Temperature dependent Cp: JANAF tables vs Debye model
I'm working with an expanding gas from a high pressure to a low pressure cavity. With this expansion comes an extreme cooling of the gas to sub 50 K temps from an initial 300 K (Joule-Thomson effect). I am using for this the rhoCentralFoam solver.
Now I remember reading somewhere that solvers start experiencing problems at very low temperatures, though there didn't seem to be any clear stated reasons as to why. One area I can imagine where there may be a problem is the constant Cp (specific heat) characteristic from most thermophysical models.
To help with this, I know there are JANAF tables to specify a temperature dependant Cp. These tables however usually go from values like 200K to 6000K, while we know that Cp starts to drop dramatically at low temps (<< 200K), although this is substance dependent. Therefore, JANAF tables aren't really of a any use. What I want to know, is how to use a Debye model (http://en.wikipedia.org/wiki/Debye_model), which seems to be perfect at modeling low temps Cp. One way I could imagine going about this is fitting the JANAF polynomial onto the Debye curve, but this seems a bit backward.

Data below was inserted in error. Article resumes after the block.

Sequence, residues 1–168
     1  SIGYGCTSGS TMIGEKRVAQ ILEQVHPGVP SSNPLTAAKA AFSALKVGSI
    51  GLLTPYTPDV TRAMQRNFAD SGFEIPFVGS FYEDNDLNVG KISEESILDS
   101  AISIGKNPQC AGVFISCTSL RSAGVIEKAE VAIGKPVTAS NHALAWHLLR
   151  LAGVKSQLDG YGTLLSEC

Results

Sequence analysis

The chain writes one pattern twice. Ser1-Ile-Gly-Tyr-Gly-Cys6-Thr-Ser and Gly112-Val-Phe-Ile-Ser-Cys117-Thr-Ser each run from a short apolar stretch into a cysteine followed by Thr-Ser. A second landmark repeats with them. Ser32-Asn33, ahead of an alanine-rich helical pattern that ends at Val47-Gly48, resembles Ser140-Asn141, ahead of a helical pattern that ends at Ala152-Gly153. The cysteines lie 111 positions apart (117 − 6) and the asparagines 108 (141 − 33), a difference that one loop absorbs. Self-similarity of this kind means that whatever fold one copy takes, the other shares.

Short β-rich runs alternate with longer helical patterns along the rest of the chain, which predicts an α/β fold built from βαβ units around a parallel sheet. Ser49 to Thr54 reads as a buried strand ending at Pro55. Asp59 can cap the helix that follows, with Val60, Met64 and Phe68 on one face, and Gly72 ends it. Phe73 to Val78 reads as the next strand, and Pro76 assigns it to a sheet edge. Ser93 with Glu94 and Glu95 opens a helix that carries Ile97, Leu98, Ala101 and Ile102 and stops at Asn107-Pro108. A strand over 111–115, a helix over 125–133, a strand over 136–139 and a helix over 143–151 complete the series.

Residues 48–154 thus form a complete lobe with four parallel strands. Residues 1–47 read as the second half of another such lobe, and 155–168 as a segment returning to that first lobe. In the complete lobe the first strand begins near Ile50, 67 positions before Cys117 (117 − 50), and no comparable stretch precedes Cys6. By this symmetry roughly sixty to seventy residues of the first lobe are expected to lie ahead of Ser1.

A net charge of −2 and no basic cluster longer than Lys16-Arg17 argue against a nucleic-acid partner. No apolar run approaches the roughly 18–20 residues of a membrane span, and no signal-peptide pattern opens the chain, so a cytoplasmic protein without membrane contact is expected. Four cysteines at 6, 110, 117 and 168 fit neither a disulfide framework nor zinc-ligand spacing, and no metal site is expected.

If I am not required to play with the Cp value and there exists a simpler method for making simulations more stable at very low temp, please let me know.
it seems Debye be related to solids,are you sure it can be used for gases?
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